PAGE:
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Renfroe v. Parker

United States District Court, S.D. Mississippi, Northern Division

June 7, 2019




         Defendants Madison County Sheriff's Deputy Robert Denver Parker and Madison County Sheriff Randall Tucker seek summary judgment on Plaintiff Amanda Kay Renfroe's claims against them in their individual capacities. Mot. Summ. J. [17]. Renfroe asks the Court to strike one of Defendants' exhibits in support of their summary-judgment motion and to strike certain relief requested in Defendants' memorandum. Mot. to Strike [32]; Mot. to Strike [38]. For the following reasons, Defendants' motion is granted, and the individual-capacity claims are dismissed. Plaintiff's motion to strike the relief requested is granted, but her motion to strike Defendants' exhibit is considered moot. Finally, Plaintiff will be given 14 days to show cause why the official-capacity claims should not be dismissed.

         I. Facts and Procedural History

         This case arises from the fatal shooting of Renfroe's husband, Michael Wayne Renfroe, by Defendant Parker on June 8, 2018.[1] That morning, Faye Burns Renfroe, Michael's mother, learned that Michael “was walking down the side of Highway 43 . . . completely naked.” Am. Compl. [13] ¶ 11. According to the Amended Complaint, Faye “sought assistance from the Madison County Sheriff's Office . . . in safely and kindly taking Mike . . . into protective custody pending an involuntary commitment proceeding.” Id. ¶ 14.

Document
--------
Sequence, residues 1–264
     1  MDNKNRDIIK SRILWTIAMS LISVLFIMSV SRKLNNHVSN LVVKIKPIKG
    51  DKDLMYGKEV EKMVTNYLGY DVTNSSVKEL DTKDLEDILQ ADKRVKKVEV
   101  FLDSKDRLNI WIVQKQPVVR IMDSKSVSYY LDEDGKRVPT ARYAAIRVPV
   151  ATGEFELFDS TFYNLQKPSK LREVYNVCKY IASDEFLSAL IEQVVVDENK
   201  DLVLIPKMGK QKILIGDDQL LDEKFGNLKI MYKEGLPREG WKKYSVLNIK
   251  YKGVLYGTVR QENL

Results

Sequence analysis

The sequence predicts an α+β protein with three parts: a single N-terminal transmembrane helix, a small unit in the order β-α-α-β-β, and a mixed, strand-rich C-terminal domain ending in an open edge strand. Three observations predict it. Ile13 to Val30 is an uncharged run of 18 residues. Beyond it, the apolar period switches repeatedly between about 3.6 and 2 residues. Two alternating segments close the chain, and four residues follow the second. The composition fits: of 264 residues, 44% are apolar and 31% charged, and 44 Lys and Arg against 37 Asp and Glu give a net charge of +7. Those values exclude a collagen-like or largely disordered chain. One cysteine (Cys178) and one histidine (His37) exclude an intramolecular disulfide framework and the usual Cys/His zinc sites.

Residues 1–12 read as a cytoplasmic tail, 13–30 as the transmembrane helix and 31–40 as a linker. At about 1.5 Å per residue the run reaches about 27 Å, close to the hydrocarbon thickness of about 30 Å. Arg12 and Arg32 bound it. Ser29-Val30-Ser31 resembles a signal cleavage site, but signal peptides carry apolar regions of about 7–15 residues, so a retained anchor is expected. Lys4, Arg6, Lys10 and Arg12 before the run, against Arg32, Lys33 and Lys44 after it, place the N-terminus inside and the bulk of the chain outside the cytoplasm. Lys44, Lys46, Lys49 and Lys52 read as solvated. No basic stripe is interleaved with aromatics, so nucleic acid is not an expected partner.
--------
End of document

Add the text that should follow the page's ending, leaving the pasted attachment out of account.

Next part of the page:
Later that evening, the Madison County Sheriff's Department received a 911 call from Willard McDaniel advising “that he suspected two people may have attempted to burglarize his truck.” Id. ¶ 17. He “described the suspects as occupying a white or grey Ford pick-up truck with a 4-wheeler all terrain vehicle loaded in the back of the bed.” Id. The dispatcher then alerted all available units that a possible burglary was in progress. Defendant Parker responded to the call and drove to the scene. He knew nothing about Faye's earlier call to the Madison County Sheriff's Department seeking to commit Michael.

         What happened next was recorded on the dashcam in Parker's patrol car. Driving down a dark and otherwise deserted street, Parker came upon a white Chevrolet truck parked just off the road. When Parker stopped his patrol car a reasonable distance from the truck, Michael emerged, shirtless, from its driver's side. He took approximately 18 steps toward Parker with his arms extended out by his side and then-without verbal instructions from Parker-dropped to his hands and knees in the middle of the road. Seconds later, Michael suddenly rose and bull rushed toward Parker yelling, according to Parker, “Now, motherfucker, let's do this.” Parker Decl. [17-1] ¶ 13. Parker stands 5'11” and weighs approximately 150 pounds; Michael was 6'2” and weighed 205 pounds.

         In response, Parker first attempted non-lethal force by deploying his taser as Michael approached. Though the darts hit his chest, Michael continued charging, and approximately two seconds later, Parker's vehicle was visibly jostled when Michael apparently reached Parker. The rest of the encounter occurred beyond the camera's view, though an audible struggle can be heard in the background. Parker says Michael tried to choke him and struck him on the side of the head while pinning Parker against his vehicle. According to Parker, he realized that he could not escape the assault, so he drew his weapon and fired four gunshots in rapid succession into Michael's center mass.[2]